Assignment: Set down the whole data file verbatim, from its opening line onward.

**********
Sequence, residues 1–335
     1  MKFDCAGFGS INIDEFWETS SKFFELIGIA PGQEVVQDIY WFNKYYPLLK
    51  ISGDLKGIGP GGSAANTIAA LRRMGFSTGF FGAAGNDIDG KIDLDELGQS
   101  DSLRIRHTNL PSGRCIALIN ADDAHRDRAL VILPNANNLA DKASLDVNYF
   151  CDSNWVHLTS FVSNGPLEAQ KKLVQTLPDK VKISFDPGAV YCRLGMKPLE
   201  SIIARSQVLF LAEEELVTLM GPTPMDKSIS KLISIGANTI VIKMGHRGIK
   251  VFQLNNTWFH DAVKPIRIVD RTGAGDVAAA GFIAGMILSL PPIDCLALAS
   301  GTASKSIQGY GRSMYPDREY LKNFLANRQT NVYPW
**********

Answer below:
Sequence, residues 1–335
     1  MKFDCAGFGS INIDEFWETS SKFFELIGIA PGQEVVQDIY WFNKYYPLLK
    51  ISGDLKGIGP GGSAANTIAA LRRMGFSTGF FGAAGNDIDG KIDLDELGQS
   101  DSLRIRHTNL PSGRCIALIN ADDAHRDRAL VILPNANNLA DKASLDVNYF
   151  CDSNWVHLTS FVSNGPLEAQ KKLVQTLPDK VKISFDPGAV YCRLGMKPLE
   201  SIIARSQVLF LAEEELVTLM GPTPMDKSIS KLISIGANTI VIKMGHRGIK
   251  VFQLNNTWFH DAVKPIRIVD RTGAGDVAAA GFIAGMILSL PPIDCLALAS
   301  GTASKSIQGY GRSMYPDREY LKNFLANRQT NVYPW